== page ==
#1: Accept trade-offs as inevitable
When you choose to combine motherhood and career in any way, shape or form, there will always be trade-offs, sacrifices and compromises. What is crucial to your happiness – as well as your ability to stave off guilt – is reconciling those trade-offs by being crystal clear about why you are making them in the first place.
Creating a list of the reasons you work – money, satisfaction, sanity – can provide a helpful reminder when your work keeps you from attending a concert or compels you to outsource the organization of your daughters 5th birthday party.
#2: Don’t 'should' on yourself
Mothers’ guilt was not always a mother’s lot. Mothers in Victorian England banished children to nursemaids before sending them off to boarding school at age five so they could continue to their high-tea social lives. Likewise, I cannot recall my own parents ever coming to a netball game or reading me bedtime stories. Truth be told, I never gave it a second thought – until I found myself feeling guilt-ridden when unable to attend one of my children’s games or too tired to read a bedtime story. Why? Because I had unwittingly taken on board a mother-load of ‘good-parent’ shoulds that my own mother never did.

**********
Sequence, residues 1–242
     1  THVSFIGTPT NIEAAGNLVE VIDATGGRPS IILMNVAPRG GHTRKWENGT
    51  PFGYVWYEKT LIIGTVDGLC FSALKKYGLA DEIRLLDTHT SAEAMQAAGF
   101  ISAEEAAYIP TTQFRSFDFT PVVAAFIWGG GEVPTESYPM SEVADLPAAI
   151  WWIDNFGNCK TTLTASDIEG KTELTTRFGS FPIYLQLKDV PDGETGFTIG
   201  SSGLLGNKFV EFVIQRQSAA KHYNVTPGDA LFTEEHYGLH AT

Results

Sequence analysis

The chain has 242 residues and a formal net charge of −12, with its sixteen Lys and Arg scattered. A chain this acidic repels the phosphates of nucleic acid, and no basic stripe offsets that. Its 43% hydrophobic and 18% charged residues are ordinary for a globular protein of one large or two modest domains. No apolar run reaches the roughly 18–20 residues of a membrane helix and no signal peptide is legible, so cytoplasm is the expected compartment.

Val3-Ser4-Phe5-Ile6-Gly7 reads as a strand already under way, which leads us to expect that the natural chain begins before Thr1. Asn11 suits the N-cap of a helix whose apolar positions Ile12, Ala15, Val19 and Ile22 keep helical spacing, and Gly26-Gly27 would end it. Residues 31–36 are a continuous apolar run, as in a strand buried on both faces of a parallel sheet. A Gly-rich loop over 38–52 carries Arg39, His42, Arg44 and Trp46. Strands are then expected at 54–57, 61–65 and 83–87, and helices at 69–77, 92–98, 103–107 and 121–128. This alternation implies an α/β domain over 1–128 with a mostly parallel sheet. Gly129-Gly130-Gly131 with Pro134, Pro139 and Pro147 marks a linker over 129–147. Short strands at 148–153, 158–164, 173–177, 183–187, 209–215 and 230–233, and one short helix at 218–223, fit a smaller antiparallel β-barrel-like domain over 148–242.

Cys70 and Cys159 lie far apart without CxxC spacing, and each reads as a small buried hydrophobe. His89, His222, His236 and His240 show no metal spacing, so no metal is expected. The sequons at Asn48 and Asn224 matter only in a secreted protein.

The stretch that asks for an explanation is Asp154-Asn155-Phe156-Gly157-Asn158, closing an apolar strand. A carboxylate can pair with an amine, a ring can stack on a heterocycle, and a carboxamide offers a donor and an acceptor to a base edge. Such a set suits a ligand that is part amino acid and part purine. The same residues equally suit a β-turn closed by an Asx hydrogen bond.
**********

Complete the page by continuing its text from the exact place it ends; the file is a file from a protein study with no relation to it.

Our shoulds are a melting pot of social expectations, family pressures, and often unspoken ‘rules’ we often buy into without even realizing it. The ‘shoulds’ for good parenting have skyrocketed in recent decades with the rise of “parenting police” and idealized imagery of what a perfect parent looks like. (i.e. not one who forgets to send in a flower for teacher appreciation day as I did three consecutive years in a row forcing my kids to grab a weed-flower from the lawn outside their school. )